These Animal Moms Are Impressive—So Why Are They Being Treated Like This?

Elephants

Mother-and-Baby-Elephant

Mother elephants are extremely affectionate and love to keep their children by their side. In the wild, sons will stay with their mothers until they reach their teenage years, and daughters will stay with their mothers for their entire lives.

Baby-Elephant-Training© Sam Haddock

But not all elephants get to spend such long, happy lives together. Baby elephants born into the circus are taken away from their mothers and then forced to learn painful circus tricks. During training, they may be beaten with bullhooks and shocked with electric prods.

Cows

Happy-Mother-and-Baby-Cows

For cows and their calves, it’s love at first sight—and their affection for each other is so deep that if they are forced apart, they both suffer from severe stress. Mother cows have even been known to escape their enclosures and travel for miles looking for their lost calves!

Sad-Calf

Yet on dairy farms, the deep bonds between a mother and her children are broken forever—they are sometimes taken away just moments after birth. Mother cows are continuously impregnated so that they can keep producing milk, while their female calves are taken away to be raised and used for milk production like their mothers. Male calves are often slaughtered for veal after just a few weeks of life.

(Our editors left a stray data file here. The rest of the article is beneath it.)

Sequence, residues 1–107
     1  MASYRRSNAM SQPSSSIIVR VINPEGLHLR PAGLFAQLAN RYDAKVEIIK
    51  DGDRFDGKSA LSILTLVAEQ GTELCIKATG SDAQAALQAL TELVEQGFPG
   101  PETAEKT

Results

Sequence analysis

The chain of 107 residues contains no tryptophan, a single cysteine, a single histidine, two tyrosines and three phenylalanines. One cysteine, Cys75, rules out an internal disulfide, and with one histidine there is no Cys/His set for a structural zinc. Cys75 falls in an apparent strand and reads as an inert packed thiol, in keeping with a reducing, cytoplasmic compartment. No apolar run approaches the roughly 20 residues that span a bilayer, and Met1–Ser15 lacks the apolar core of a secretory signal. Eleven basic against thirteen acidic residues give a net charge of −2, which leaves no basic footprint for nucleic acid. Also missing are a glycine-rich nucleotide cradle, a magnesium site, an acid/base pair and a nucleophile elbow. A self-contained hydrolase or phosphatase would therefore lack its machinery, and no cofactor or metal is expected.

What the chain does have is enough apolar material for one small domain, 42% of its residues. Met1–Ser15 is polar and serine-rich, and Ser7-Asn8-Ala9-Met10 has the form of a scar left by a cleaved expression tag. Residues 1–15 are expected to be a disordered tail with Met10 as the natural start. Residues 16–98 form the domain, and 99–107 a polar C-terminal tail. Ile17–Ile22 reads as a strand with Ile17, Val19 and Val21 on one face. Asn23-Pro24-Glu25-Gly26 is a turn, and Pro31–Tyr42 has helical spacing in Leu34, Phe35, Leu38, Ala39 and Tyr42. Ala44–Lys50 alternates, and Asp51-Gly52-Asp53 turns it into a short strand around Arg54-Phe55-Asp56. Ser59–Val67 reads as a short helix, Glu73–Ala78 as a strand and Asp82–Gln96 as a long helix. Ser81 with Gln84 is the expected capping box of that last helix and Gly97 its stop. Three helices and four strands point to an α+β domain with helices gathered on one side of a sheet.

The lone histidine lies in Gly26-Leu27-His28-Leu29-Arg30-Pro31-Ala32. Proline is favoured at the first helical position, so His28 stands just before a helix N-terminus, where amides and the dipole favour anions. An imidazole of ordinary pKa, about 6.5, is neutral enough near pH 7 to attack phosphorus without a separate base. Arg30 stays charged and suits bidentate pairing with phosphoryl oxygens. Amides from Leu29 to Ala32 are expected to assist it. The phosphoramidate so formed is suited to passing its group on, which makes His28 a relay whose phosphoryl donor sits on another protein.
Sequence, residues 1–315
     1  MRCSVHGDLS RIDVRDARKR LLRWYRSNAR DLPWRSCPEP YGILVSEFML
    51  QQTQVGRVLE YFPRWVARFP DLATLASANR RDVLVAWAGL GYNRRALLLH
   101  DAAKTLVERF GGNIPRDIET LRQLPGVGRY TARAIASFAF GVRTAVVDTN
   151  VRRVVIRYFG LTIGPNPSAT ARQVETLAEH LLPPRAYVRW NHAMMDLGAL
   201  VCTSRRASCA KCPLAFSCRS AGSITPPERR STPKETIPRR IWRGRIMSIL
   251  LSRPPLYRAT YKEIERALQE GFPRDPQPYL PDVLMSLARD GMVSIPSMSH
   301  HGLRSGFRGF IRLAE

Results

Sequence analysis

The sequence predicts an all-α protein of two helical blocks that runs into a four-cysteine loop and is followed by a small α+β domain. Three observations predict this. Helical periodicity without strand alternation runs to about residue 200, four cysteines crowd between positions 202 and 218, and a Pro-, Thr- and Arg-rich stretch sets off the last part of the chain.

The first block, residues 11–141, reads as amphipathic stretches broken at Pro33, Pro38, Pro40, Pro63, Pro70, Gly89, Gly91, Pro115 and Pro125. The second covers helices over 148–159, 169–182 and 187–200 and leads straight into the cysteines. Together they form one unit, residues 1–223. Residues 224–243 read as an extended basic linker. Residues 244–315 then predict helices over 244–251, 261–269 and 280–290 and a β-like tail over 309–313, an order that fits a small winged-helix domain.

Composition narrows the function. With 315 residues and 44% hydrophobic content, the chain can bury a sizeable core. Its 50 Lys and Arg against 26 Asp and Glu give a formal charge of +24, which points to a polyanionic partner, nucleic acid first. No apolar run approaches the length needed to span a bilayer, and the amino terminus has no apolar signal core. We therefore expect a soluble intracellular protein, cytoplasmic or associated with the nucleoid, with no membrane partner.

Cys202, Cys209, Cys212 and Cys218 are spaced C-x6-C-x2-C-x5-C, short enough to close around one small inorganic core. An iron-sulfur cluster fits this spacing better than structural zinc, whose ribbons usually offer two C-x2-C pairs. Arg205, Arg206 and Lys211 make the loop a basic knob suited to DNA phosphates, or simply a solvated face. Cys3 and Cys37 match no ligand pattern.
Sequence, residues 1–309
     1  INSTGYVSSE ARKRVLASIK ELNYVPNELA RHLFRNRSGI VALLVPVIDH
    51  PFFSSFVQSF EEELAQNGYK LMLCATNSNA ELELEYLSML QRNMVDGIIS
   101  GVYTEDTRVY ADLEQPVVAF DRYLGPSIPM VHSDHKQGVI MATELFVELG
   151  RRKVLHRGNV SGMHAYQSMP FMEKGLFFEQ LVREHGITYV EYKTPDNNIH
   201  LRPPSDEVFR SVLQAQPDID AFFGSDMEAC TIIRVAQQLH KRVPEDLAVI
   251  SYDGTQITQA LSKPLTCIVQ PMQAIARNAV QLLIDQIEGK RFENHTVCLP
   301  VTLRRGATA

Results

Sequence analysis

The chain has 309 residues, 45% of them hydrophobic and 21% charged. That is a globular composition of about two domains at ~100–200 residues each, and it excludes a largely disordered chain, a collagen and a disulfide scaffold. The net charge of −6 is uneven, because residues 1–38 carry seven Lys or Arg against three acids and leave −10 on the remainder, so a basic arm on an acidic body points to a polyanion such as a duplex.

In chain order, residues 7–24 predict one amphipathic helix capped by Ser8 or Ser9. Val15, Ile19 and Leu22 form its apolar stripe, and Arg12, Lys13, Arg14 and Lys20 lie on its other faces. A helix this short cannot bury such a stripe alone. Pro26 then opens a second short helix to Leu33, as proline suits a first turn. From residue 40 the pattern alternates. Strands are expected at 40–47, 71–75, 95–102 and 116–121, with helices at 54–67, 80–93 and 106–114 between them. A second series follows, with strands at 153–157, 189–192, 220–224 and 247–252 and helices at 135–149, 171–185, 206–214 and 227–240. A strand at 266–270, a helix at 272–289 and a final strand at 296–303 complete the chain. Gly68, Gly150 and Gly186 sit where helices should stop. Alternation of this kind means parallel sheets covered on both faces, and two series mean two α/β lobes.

Pigs

Happy-Mom-Pig-and-Babies© Larry French/PETA

Mother pigs form a strong, loving bond with their children at birth. Newborn piglets learn to run to their mother’s voice, and mother pigs have even been known to sing to their young while nursing!

Sad-Pig-and-Babies

On farms, thousands of sows spend much of their lives in small gestation crates, so cramped that they are unable even to turn around. Piglets are taken from their distraught mothers after just a few weeks. Then their tails are chopped off and the ends of their teeth are clipped off with pliers—without any painkillers.

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“Almost all of us grew up eating meat, wearing leather, and going to circuses and zoos. We never considered the impact of these actions on the animals involved. For whatever reason, you are now asking the question: Why should animals have rights?” READ MORE

— Ingrid E. Newkirk, PETA President and co-author of Animalkind